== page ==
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Can Your Retirement Survive an Upcoming Real Estate Crash?

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Housing bears are convinced: Canada’s inflated real estate market — especially in and around Toronto and Vancouver — is overdue for a massive correction.

These naysayers have plenty of evidence to back up their hypothesis, too. Cap rates are anemic in most major Canadian markets, which implies landlords are content to make up a lack of rental income via capital gains. Valuation metrics like price-to-household income and price-to-rent ratios are at record highs. And the catalyst needed to bring prices down is upon us, as the Bank of Canada continues to raise interest rates. Add in Canada’s massive consumer debt problem and we have a recipe for disaster.

But there’s plenty of evidence real estate could keep marching higher, or at least stay on this plateau for a while. Immigration is still strong, and most of these new Canadians are choosing to settle in our largest cities. The world is filled with expensive real estate; Toronto and Vancouver are hardly unique there. And cities like Montreal, Winnipeg, and Ottawa still offer plenty of affordable real estate.

In other words, there’s plenty of healthy debate on both sides.

Personally, I think we’re in a new reality where real estate remains expensive in our largest cities. Any significant downturn will be met by a rush of investors looking to get back in before prices appreciate again, offering support on the downside.

Still, that doesn’t mean I’m not taking steps to protect my portfolio against such a catastrophic event. Here are some steps you can take to make sure your most important savings aren’t wiped out in a real estate crash.


Despite significant rent inflation impacting downtown Toronto condos right now, I still think the best long-term decision for people living there is to rent.

There are thousands of landlords in Toronto who aren’t making enough in rent to pay their expenses. Rent might be enough to cover the condo fees and the mortgage, but not enough for the property taxes and other expenses. Remember, the ideal rental property investment is one that covers all expenses and still produces a healthy profit.

Renters can then take their extra income and put it to work in more productive assets. If they do this well, a renter can eventually own a portfolio of great real estate spinning off all sorts of passive income.

Avoid the riskiest real estate stocks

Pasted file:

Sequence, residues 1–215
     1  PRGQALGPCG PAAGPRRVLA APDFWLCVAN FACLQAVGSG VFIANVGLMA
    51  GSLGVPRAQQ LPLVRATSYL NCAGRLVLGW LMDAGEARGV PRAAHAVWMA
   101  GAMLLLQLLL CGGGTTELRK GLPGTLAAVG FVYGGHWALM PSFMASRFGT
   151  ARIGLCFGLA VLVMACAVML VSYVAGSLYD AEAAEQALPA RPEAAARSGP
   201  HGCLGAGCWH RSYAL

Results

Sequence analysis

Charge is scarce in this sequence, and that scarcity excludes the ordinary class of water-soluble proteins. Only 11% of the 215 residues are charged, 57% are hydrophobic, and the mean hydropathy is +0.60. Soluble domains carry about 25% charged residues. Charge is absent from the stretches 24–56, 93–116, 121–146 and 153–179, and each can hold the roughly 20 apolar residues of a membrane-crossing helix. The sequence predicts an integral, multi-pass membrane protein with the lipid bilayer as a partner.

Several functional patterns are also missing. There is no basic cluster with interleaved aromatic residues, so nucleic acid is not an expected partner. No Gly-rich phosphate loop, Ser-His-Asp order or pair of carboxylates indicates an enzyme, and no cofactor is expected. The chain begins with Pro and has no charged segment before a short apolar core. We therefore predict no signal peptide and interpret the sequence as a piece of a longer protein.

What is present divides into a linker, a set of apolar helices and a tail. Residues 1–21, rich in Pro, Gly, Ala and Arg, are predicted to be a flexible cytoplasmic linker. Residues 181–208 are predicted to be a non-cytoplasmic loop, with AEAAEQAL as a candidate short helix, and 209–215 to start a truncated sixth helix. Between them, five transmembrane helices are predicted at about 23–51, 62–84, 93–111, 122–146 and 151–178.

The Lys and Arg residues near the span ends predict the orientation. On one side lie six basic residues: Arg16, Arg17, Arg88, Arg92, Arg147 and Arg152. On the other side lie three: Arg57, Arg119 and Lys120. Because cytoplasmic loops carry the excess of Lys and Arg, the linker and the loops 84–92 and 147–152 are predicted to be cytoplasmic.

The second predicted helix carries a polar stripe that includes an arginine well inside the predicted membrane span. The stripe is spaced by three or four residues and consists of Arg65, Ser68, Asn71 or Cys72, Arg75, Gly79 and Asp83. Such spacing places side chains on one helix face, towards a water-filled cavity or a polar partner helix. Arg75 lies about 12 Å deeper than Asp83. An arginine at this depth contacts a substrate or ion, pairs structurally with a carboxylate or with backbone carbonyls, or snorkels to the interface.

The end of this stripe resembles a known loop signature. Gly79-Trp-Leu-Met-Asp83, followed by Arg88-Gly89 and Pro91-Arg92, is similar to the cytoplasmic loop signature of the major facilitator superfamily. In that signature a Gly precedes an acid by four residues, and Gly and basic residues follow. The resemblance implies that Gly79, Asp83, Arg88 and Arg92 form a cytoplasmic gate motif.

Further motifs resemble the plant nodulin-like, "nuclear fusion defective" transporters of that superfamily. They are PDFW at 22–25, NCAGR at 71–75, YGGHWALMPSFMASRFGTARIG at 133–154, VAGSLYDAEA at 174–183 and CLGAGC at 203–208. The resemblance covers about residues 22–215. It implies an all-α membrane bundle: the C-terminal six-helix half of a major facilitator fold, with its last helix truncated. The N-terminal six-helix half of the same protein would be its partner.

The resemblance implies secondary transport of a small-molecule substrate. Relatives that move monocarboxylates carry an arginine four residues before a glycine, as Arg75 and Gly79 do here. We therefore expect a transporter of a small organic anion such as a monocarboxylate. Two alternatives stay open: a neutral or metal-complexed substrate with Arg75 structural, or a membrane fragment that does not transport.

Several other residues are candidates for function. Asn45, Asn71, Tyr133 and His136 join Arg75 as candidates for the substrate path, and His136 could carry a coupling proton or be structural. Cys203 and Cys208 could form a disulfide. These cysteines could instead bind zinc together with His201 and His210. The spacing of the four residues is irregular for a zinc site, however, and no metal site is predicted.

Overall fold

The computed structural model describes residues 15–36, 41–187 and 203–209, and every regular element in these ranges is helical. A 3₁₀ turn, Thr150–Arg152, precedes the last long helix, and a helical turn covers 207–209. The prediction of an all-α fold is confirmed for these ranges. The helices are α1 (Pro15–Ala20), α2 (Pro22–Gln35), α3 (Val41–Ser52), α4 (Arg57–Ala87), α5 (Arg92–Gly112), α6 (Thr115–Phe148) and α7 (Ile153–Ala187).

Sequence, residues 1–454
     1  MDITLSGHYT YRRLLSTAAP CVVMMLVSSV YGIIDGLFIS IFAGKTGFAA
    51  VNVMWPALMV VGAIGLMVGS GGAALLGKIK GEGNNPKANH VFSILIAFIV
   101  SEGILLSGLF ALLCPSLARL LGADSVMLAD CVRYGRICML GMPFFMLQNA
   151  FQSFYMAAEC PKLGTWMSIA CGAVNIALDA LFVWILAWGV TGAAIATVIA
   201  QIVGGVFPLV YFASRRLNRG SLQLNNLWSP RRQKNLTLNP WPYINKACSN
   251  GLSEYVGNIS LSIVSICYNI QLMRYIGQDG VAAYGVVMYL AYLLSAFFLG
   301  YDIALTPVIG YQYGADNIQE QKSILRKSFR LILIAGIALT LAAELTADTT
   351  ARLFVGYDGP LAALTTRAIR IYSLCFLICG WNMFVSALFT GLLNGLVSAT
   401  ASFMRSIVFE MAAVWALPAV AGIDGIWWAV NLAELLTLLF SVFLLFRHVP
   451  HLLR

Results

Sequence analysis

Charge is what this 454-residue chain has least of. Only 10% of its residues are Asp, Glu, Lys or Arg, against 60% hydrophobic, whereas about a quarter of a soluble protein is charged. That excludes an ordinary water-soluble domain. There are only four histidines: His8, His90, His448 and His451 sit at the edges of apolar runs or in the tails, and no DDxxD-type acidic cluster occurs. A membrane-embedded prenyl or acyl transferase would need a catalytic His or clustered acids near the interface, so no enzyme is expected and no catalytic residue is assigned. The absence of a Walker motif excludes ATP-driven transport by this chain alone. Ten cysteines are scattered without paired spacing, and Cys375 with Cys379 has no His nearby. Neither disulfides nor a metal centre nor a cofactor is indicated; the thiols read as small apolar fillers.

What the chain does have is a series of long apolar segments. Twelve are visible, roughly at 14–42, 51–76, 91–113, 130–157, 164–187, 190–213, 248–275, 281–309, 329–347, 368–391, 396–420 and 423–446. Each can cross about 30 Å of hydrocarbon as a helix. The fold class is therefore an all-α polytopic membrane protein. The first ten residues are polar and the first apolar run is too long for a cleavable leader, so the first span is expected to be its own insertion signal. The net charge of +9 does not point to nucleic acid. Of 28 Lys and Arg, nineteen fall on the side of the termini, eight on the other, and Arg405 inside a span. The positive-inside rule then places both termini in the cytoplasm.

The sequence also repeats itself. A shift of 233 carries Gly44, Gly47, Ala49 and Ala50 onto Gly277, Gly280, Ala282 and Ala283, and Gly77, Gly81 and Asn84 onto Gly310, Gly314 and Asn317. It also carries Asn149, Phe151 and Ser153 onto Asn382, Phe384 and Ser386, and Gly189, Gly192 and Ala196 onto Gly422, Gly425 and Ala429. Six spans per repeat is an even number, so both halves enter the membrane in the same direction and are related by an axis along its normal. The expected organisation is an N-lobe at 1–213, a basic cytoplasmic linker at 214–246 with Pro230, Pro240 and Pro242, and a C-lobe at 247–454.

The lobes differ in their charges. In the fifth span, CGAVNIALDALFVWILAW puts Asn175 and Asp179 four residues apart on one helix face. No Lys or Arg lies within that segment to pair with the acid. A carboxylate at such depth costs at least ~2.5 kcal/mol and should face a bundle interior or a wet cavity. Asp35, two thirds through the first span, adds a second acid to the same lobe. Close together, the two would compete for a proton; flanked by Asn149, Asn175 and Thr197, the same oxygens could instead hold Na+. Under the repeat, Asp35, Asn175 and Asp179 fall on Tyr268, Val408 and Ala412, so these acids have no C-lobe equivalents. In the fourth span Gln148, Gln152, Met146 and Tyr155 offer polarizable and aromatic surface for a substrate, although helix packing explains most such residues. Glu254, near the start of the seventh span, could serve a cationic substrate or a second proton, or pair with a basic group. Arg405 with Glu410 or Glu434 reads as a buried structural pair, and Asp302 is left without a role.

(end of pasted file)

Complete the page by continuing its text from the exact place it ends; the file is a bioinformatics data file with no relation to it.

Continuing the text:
Some investors have shorted Canada’s largest banks, convinced a big real estate correction will wipe them out. This is not a good bet. These banks have been through real estate corrections before and have taken steps to protect themselves for the next one.

There are some stocks investors should avoid if they’re bearish on real estate though. Two of the easiest choices are Equitable Group (TSX:EQB) and Home Capital Group (TSX:HCG). If housing declines in a serious way, investors in these two subprime lenders will sell first and ask questions later. Home Capital already saw a crisis of confidence in 2017, with shares falling more than 60% from their peak.

Another stock investors worried about a housing bust might want to avoid is Genworth MI Canada (TSX:MIC), the nation’s only private mortgage insurance provider. This one is a little tougher though, since the company’s management has had years to solidify the balance sheet in preparation for the worst.

Mortgage insurance is a wonderful business. It doesn’t take much in additional expenses to scale it over time, and the longer the policies stay in place the safer they get, since the borrower is reducing their loan-to-value ratio over time. Additionally, Genworth has an investment portfolio of some $6 billion, which is enough to weather a lot of foreclosures. Still, if real estate sinks, Genworth will sink with it.

The bottom line

It doesn’t really matter how you feel about Canadian housing. If it declines in a big way, these three stocks will fall with it. Investors must guard against that. Risk management is all about limiting your losses. Fortunately, doing so in this situation is really easy. Investors must simply limit their position sizes in these three controversial stocks.

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This article represents the opinion of the writer, who may disagree with the “official” recommendation position of a Motley Fool premium service or advisor. We’re Motley! Questioning an investing thesis — even one of our own — helps us all think critically about investing and make decisions that help us become smarter, happier, and richer, so we sometimes publish articles that may not be in line with recommendations, rankings or other content.

Fool contributor Nelson Smith has no position in any stocks mentioned. 


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